At this point, we've covered the concepts of defensive gaps and techniques, and then we applied those concepts to the fundamental 4-3 defensive base formation: the 4-3 over. If you haven't read the first two chapters, I would advise you do so, given that we'll be using and comparing information from them in this post. Chapter One | Two.
The 4-3 Under
The 4-3 under formation has several similarities to its over counterpart, but also some stark differences that allow it to be more useful in certain situations. Let's start with what remains the same between the two.
Both packages have the same personnel. That is, both packages have two defensive tackles, two defensive ends, three stand-up linebackers, two cornerbacks, and two safeties. In both formations, the members of the secondary will line up in the same spot for a particular coverage. For example, in a cover-2, the corners will line up on the receivers and the safeties will each cover one half of the deep part of the defensive backfield.
The last similarity between the two formations comes with the weak side defensive end (weak vs. strong sides were covered in chapter two). With both the 4-3 over and under, the weak side end will line up in the 5-technique, just off the outside shoulder of the weak side offensive tackle.
Where the formations differ is when it comes to the linebackers, and remaining three defensive linemen.
For a quick recap of the 4-3 over, the 1-technique will line up on the weak side shoulder of the offensive center, the 3-technique will take the outside shoulder of the strong side offensive guard, and the strong side defensive end will take the outside shoulder of the outermost offensive linemen (either the offensive tackle, or the tight end).
The linebackers will line up according to the defensive linemen, with the 3-technique being an "anchor" of sorts. The WILL linebacker lines up behind the 3-technique, the MIKE goes inside the 1-technique (essentially straight on with the center), and the SAM gets behind the weak wide B gap.
We can throw all of that out when it comes to the 4-3 under alignments for our front seven (excluding the weak side end).
In the 4-3 under, the 3-technique will align to the outside shoulder of the weak side offensive guard, and the 1-technique will man the outside shoulder of the center. From here, the strong side defensive end will man the 5-technique position on the outside shoulder of the offensive right tackle.
This gives us the following defensive linemen alignments:
You may be asking yourself, what about the tight end? This is where we get the major difference between the over and under formations.
By now it should be fairly straight forward to recognize the gap assignments for each of the defensive linemen. The weak side end will contain the weak side C gap, the 3-technique has the weak side B gap, the 1-technique has the strong side A gap, and the strong side end will take the strong side C gap:
Given that there are seven gaps total, let's examine the gap responsibilities of the remaining members of the front seven.
We know that the WILL linebacker always follows the 3-technique. This means that whichever side of the formation the 3-technique is on, the WILL will be about five yards behind him. Looking at the image above, we can then see that the WILL is responsible for the weak side A gap.
We also know that the MIKE plays the middle assignment, between the WILL and SAM. Thus, our MIKE will line up just inside the strong side end, about five yards off the line of scrimmage. So which gap is he responsible for? Exactly; the strong side B gap.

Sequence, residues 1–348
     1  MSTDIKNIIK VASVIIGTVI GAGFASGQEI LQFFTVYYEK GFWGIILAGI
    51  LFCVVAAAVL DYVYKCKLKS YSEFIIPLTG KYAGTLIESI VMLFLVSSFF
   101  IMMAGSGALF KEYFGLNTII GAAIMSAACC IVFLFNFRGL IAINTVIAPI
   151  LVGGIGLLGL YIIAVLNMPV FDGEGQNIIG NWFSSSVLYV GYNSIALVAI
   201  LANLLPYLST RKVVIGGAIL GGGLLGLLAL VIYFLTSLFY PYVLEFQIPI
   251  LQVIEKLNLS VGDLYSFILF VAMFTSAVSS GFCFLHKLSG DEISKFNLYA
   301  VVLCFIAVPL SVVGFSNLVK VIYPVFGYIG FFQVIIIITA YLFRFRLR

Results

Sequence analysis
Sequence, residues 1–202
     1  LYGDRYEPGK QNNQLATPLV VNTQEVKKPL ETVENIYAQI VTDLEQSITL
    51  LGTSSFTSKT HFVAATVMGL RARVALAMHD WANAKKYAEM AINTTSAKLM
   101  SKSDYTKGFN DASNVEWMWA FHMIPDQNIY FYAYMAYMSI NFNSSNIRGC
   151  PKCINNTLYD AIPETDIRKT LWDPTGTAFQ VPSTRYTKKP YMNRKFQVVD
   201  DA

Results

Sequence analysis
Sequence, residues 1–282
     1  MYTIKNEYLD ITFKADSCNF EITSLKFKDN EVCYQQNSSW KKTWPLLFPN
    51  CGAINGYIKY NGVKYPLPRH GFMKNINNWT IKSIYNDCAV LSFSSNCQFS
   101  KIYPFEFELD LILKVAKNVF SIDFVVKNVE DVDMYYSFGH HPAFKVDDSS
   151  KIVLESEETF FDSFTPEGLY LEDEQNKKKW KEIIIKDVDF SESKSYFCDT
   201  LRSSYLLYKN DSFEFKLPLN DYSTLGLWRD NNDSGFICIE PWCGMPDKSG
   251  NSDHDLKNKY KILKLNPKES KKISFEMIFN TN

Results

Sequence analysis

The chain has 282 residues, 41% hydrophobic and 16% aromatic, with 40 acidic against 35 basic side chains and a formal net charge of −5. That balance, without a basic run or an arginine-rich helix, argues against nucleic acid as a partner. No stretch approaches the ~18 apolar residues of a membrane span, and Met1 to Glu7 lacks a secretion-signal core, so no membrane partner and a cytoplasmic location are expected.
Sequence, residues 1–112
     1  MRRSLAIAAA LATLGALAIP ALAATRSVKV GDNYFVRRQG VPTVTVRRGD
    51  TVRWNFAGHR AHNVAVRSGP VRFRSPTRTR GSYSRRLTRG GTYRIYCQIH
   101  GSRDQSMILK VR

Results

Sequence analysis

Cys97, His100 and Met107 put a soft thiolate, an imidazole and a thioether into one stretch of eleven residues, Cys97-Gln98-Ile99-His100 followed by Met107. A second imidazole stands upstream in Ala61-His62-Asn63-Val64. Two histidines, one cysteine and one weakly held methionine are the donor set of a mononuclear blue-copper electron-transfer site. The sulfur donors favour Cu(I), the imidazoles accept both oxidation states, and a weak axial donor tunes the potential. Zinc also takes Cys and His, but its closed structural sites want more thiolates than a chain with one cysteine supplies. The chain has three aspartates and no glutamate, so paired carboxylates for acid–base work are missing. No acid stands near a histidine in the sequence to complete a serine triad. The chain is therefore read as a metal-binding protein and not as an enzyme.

Last, but not least, we have the alignment of the SAM linebacker. This is where things get shaken up the most.
Up to this point, we're used to the linebackers playing about five yards off the line of scrimmage. That's not the case with the SAM linebacker in the 4-3 under. Because of the shifted formation, we're actually going to line the SAM up in a two-point (no hand on the ground) stance, in the 7-technique alignment, just off the shoulder of the tight end. This results in the SAM retaining the strong side D gap assignment:
So you may be thinking, why put the SAM down on the line? He can just cover the D gap from five yards off the line, similar to his B gap responsibilities in the 4-3 over. Let's dive into that.
Why the shift?
Let's take the most obvious perspective first: the 4-3 under allows you to have another player on the line of scrimmage, which raises your odds of a negative or neutral gain on a run play.
If the SAM has less distance to travel, he will be able to get to the point of attack (where the ball carrier crosses the line of scrimmage) in less time. This is helpful when your SAM (like most SAMs) is a slower or sluggish mover, and won't get to his gap in time.
A similar reason for moving the SAM to the line of scrimmage is down and distance. If the offense only needs a yard (or less) to gain a first down, you want to move more players closer to the point of attack to minimize the distance they need to travel to make contact and prevent the conversion.
When they say football is a game of inches, they aren't kidding.
Finally, sometimes you may have a SAM who isn't necessarily the most athletic player moving in a direction, but is big, strong, and is able to hold up against a big, 6'3"+ tight end looking to mow him over. In this case, you like your odds of sticking the SAM on him for a run play.
You have to be careful here, though, because if you're playing man coverage and the offense runs a passing play, your less athletic SAM will potentially be tasked with covering a tight end, which may be a losing battle.
It's all about match-ups.
So which do I choose?
Over the course of a normal week in the fall, the team's coaches will review tape on the upcoming opponent. They scout strengths and weaknesses, plays the offense and defense will run, personnel changes, etc.
Another thing they'll look for, is what type of play a team likes to run from a particular personnel grouping. They'll look at what type of tight end the opposing team has, and whether they like the match-up with their SAM.